NO. 52 DAILY-AIr. AND EXP RE8s.
Leave Statesville.................. 7.00 a m
rrive at Charlotte.............. 9.05 a m
Leave Charlotte, C............... .2.00 p m.
rrive at Columbia, B............06.30 p m
Leave Columbia, B............. 6.37 p m
rrive at Augusta, A...........1050 p m
'NO. 48 DAILY-MAIL AND EXRESS.
Leave Columbia, D...............6 15 a m
rrive at Augusta, A...........10.22 a m
50. 18 LOCAL FREIGHT, daily exceptSundays
(With Passenger Coach attached.)
Leave Charlotte................5.00 a m
rrive at Columbia.............S3.3' p m
CONNECTIONS.
A-With all lines to and from Savannah,
Florida and the South and Atlanta, Macon
and the Southwest.
B-With South Carolina Railroad to and
from Charleston.
C-With Richmond and Danville Railroad
to and from all points North and Carolina
Central Railroad.
D--Connect with the W. C. & A. E. E. for
Wilmington and all points on the Atlantic
Coast Line.
Pullman Sleeping Cars on Trains Nos. 52
and 53 between Agsta and Washingtn,
D. C., via Danville, chburgb and ar
lottesville. Also, on Tris' 52 and 53 be
tween Charlotte and Richmond.
Numbers 47 and 48 run solid between Au
gusta and Florence and carry, Pullman
leepers between Augusta and Wilmington
and between Auuta and Wilmington.
Abov' schedule Washingtn time.
G. E. TALCoTT, Sprintendent.
M. SLAUGHTER, General Pasnger Agt.
D. CARDWELL, Ass't General P'assenger
Agent, Columbia, S. C.
Asheville and Spartanburg Railroad.
SPARTANBURG, S. C., September 1,1881.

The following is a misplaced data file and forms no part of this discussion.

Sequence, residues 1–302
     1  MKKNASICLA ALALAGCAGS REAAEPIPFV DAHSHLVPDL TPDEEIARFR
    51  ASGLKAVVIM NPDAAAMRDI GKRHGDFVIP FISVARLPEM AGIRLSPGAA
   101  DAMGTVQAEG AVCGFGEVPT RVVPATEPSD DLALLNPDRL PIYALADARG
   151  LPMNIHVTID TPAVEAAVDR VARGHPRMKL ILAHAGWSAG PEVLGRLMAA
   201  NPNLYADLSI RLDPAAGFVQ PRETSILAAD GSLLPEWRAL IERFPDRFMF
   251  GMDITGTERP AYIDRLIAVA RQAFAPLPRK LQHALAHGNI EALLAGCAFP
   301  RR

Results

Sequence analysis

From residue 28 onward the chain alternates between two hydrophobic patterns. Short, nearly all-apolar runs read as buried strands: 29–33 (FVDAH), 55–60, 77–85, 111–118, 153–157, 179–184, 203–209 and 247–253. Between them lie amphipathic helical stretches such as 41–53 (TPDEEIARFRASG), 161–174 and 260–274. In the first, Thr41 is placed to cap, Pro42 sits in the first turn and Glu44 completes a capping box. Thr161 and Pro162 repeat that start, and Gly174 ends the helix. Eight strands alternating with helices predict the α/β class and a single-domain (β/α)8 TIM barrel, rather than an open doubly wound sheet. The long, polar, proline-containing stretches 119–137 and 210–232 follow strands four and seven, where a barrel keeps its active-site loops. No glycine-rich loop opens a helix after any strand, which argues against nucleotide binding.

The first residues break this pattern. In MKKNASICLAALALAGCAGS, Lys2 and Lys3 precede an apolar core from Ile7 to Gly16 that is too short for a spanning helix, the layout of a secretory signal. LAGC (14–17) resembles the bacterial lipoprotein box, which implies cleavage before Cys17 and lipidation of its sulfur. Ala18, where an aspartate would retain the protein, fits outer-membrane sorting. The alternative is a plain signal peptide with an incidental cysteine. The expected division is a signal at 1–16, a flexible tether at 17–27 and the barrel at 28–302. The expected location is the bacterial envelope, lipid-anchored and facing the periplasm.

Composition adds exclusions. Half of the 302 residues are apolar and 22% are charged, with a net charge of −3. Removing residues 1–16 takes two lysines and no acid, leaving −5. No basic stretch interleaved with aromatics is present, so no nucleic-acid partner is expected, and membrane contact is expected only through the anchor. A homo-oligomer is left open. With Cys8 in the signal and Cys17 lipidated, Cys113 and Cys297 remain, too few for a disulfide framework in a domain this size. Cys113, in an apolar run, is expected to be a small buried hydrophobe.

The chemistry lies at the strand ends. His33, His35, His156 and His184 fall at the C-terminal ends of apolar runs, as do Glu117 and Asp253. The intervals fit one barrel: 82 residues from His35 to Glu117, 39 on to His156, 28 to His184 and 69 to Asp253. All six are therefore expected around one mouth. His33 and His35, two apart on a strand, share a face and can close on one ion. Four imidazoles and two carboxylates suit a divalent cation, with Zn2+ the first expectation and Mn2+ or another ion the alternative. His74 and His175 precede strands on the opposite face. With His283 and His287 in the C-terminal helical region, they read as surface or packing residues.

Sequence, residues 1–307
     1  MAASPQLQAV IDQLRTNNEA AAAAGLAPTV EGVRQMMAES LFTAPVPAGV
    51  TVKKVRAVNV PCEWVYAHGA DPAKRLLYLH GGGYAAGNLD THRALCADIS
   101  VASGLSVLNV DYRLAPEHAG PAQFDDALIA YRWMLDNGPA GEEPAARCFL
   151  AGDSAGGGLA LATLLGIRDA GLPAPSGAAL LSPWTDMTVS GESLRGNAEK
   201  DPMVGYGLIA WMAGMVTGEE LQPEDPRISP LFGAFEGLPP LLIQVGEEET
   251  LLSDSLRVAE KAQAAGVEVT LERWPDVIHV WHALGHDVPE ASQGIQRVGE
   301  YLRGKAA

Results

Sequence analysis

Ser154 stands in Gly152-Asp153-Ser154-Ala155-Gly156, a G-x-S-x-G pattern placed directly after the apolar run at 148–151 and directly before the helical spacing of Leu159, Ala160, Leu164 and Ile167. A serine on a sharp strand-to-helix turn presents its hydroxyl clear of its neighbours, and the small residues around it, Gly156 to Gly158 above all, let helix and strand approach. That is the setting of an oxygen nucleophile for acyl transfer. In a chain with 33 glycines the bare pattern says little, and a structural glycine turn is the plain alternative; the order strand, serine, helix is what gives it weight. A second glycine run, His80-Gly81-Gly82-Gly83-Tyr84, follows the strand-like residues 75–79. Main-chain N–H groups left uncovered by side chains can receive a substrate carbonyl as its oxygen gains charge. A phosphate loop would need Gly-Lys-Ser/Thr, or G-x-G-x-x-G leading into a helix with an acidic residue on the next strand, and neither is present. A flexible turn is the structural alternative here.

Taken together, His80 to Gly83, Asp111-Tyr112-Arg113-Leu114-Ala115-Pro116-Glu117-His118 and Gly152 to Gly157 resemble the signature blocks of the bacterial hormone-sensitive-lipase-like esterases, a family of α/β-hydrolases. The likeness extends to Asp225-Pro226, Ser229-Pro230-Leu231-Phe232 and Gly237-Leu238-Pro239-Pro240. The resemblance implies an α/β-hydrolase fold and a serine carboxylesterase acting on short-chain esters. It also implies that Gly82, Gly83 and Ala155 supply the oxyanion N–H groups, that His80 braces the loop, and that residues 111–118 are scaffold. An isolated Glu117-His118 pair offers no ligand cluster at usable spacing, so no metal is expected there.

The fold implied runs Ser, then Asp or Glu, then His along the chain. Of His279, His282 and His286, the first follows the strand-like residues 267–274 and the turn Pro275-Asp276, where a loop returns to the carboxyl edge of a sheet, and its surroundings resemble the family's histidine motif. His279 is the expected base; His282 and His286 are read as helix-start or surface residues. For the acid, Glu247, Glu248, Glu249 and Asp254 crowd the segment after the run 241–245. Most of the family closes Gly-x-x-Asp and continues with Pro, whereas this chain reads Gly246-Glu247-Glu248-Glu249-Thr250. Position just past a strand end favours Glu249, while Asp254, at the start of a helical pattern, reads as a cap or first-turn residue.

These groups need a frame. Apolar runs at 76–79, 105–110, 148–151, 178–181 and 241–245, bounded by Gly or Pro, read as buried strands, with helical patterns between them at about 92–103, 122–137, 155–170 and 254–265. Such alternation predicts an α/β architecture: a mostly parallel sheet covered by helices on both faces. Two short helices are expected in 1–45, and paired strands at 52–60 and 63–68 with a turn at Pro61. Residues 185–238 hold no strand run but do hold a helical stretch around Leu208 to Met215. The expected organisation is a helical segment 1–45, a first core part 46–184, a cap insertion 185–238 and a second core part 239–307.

On and after Thursday, September 1, 1881,
passenger trains will be run daily (Sundays
excepted) between Spartanburg and Hen.
dersonville, as follows:
UP TRAIN.
LeaveRE. & D. Depot at Spartanburg.4.20 p m
Arrive at Hendersonville.........7.30 p m
DOWN TRAIN.
Leave Hendersonville.............. 83 a m
Arrive E. A D. Depot,Spartanburg.12.00 m
Both trains make connections for Colum
bia and Charleston via Spartanburg. Union
and Columbia and Atlanta and Charlotte by
Air Line. JAMES ANDERSON,
Superintendent.
TgN NO PATENT, NO PAY
A~I1j~~I is our motto. We have
had 14.years expriene
In procurin Patents,
Caveats, Trade-Marks. Copyrl t. etc., in
this and other countries, Ouan ok
giving full instructions in Patents free.
Address E. S. A A. P. LACEY, ratent Att'vs,
604 F St., Washington, D. C. Jan. 11, 2-tfA
Nlh IIN T(Ifor Soldiers on any dis.
111 I~I1E iIL~ease, wound or injury.
Fees, $10. Bounty, Back
Pay, Discharges for De
serters, etc., procured. 14 years experience.
Address.. a. SITESm A 00,, 601 F st., Wash.
Hotel.
The Crotwell Hotel,
A LARGE THREE STORY BRICK BUILDING.
Only Hotel with Electric Bells in Newberry.
Only Hotel with Cistern Water.
CENTRAL OFFICE OF TELEPHONE EXCHANGE.
MRS. EMMA F. BLEASE,
PROPRIETRESS,
NEWBERRY, S. C.
This commodious and spacious Hotel is now open and fully prepared to entertain all
comers.
The Furniture of every description is New, and no effort will be spared to make all
persons patronizing the establishment at home.
The Rooms in this Hotel are spacio2s, well lighted, and the best ventilated of any
Hotel in the up country.
One of the Best Sample Rooms in the State.
All horses entrusted to our care will be well cared for at Christian & Smith's Stables.
TERMS.
BOARD BY THE MONTH, $30,00; WEEK, $10,00; DAY, $2.00.
LOWER RATES BY THE YEAR.
The Table shall be furnished with the very best. Nov. 2, 44-1y.
clotkfng.
Read! Read! Read!
I will close out the Balance of my Stock of